Toe-tapping country night
Sacramento, CA 95814
There was no sawdust on the floor at downtown pub Fox & Goose last Friday night. And no chicken wire was strung where the musicians set up to play, either, to keep them safe from beer bottles hurled. What passes for country music in Sacramento has a different feel than country in other places, like Bakersfield.
Rich Driver opened the evening. Driver is more of a singer-songwriter, and he looked the part—cap, horn-rims, neatly trimmed beard, casual shirt and jeans, Taylor acoustic guitar. His singing carried a warm rasp, illuminating his wry observations with a delivery rooted in such ’70s cafe bards as Jim Croce, with a hint of Harry Nilsson; his guitar playing often touched on a subtext of jazzy chords and funk syncopation.
Driver had pulled in a contingent of a dozen or so friends, who’d crowded the front tables near the stage area. Most of them seemed pretty familiar with his songs. “I’m a joke without a punch line, you’re the song without a voice,” he sang while standing, slightly pacing, his toe tapping. His crowd ate it up.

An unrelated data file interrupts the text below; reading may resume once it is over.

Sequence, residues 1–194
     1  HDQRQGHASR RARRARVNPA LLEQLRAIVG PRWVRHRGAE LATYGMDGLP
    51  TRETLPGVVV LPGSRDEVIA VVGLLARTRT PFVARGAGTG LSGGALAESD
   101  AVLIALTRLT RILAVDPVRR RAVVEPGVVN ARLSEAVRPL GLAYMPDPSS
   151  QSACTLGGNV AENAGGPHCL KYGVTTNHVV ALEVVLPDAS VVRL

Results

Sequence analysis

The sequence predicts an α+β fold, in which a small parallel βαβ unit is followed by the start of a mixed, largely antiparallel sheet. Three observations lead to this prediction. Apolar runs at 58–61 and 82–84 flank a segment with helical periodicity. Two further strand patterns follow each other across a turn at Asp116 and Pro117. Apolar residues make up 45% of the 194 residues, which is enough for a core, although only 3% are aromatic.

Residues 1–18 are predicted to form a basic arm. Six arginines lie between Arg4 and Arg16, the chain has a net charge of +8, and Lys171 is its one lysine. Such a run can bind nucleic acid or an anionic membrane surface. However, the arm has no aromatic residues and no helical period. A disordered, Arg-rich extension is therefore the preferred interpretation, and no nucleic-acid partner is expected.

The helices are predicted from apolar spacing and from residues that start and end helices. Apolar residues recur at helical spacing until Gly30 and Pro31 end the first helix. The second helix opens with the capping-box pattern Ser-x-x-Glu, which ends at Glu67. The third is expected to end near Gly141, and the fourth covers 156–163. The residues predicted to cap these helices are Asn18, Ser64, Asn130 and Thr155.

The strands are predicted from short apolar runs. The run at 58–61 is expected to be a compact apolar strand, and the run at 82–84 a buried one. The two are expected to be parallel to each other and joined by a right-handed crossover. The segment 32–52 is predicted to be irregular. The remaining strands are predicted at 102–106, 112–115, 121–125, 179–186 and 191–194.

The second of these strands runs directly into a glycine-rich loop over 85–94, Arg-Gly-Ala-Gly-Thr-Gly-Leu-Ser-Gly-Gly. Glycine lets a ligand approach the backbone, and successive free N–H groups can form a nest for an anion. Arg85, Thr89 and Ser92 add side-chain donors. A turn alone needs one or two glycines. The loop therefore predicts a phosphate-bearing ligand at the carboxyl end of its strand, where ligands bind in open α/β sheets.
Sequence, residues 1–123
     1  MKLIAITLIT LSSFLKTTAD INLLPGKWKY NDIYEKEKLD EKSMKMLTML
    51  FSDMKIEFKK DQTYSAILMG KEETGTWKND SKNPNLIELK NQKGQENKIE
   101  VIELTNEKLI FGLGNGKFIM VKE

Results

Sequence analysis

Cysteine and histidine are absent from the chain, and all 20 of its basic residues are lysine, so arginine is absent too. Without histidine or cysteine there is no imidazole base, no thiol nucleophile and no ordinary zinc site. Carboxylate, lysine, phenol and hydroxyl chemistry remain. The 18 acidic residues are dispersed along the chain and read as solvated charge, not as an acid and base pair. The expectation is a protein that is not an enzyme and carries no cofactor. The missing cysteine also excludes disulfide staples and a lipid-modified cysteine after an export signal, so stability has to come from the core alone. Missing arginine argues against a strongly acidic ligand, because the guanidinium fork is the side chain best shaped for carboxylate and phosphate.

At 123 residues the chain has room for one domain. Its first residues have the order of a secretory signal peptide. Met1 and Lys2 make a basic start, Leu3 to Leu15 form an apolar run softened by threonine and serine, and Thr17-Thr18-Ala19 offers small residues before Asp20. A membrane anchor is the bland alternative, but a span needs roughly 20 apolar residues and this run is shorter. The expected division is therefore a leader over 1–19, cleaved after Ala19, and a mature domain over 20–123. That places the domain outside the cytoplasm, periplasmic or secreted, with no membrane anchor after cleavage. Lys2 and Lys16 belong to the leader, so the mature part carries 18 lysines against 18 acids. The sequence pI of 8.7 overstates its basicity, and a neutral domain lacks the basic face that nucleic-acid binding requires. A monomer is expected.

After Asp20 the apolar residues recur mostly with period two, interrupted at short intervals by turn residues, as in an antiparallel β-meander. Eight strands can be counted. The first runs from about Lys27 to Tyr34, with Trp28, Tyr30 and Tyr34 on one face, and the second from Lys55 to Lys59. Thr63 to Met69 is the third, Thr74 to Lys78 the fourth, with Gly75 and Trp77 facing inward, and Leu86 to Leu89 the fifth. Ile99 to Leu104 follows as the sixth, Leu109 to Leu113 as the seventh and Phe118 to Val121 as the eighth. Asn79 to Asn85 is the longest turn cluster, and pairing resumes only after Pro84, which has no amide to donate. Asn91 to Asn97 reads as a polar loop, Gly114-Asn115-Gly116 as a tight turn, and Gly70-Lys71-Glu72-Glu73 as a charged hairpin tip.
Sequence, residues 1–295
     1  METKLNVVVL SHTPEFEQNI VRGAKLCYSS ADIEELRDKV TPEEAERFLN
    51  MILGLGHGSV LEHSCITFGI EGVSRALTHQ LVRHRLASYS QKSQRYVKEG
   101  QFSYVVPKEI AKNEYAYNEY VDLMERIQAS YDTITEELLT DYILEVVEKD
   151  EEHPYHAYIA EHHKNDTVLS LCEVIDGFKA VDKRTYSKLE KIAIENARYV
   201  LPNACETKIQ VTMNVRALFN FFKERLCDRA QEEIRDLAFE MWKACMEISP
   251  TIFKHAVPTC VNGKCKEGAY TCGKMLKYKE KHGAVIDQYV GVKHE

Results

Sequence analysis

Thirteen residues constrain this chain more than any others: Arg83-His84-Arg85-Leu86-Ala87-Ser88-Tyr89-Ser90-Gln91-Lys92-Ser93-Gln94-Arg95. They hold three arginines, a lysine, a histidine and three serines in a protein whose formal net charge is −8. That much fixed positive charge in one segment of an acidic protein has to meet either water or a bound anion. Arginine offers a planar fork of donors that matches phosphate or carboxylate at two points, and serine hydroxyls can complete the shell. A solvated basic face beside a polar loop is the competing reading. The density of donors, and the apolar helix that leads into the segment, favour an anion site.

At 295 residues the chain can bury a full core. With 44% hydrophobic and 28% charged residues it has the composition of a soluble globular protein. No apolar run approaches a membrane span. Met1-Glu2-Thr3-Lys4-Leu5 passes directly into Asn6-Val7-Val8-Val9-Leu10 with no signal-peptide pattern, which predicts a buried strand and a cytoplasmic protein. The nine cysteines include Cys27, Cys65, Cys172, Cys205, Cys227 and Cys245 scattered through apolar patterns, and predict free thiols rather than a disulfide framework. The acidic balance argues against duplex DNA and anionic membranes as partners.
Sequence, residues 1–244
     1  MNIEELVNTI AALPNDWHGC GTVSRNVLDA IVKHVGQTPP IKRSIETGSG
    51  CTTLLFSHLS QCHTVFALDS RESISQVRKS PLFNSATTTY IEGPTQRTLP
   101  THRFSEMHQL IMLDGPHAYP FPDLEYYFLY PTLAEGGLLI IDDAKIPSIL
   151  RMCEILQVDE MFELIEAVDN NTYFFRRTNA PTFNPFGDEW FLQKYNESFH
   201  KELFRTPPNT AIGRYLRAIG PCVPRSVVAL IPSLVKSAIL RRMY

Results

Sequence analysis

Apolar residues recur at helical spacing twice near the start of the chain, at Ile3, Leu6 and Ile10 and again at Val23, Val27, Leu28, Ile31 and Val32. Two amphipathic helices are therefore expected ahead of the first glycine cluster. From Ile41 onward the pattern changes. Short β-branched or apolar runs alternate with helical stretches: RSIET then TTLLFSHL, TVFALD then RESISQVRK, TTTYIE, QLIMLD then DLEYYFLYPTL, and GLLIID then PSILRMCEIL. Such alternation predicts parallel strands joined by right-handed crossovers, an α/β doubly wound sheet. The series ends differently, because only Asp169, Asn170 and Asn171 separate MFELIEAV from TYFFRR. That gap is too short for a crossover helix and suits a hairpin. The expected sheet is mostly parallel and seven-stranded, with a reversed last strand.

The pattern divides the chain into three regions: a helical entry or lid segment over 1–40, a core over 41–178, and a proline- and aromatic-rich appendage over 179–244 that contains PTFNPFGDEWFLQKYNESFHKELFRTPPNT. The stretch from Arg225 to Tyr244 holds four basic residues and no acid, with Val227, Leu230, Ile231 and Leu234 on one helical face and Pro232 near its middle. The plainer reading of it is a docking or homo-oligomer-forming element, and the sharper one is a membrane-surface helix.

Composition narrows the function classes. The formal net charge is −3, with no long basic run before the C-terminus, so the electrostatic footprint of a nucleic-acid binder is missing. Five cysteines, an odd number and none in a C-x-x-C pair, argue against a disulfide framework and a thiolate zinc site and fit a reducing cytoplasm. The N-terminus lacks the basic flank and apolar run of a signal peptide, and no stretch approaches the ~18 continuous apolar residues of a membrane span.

Richard March followed. He had a problem. He’d played a gig earlier that day in Colfax with the headliner, former local Amee Chapman, now of Santa Cruz, and because March was on his motorcycle, he’d let Chapman transport his guitar. She was outside, with a locksmith, the guitar and her keys secured inside the van. So Driver loaned March his trusty Taylor, and March commenced to steer the evening more toward Nashville.
Most of Driver’s friends had gone, and seated at the front table were three women, gossiping loudly. The song finished, March stepped up and introduced himself, shaking their hands. The ploy worked momentarily, but a few songs later, they were back to gabbing.
But March persevered. His original songs, like “San Francisco,” tend to be more folkish than overtly country, somewhere between John Hartford and Merle Haggard’s more philosophical side. March dipped into Nashville standards, like Jerry Chesnut’s “It’s Been a Good Year for the Roses,” where a twang affectation was apparent, then followed with a story-song with political overtones, called “Obama Road.” Lee Greenwood, this was not.
Amee Chapman followed. March had been touting her wonderfulness, and she’d come backed by the Velvet Tumbleweeds—David Wren on pedal steel, Pat Golliher on bass and Todd Lewis on drums. Chapman strummed an acoustic Gibson and confessed she’d not been feeling well. She was a bit wan at first, but she struggled valiantly, and by set’s end her strong alto was putting the magic to such originals as “Make Up in the Make-Out Room” and “Tattooed Cowboy,” and you could see that victory reflected in some mighty satisfied faces at the bar, smiling into their pints.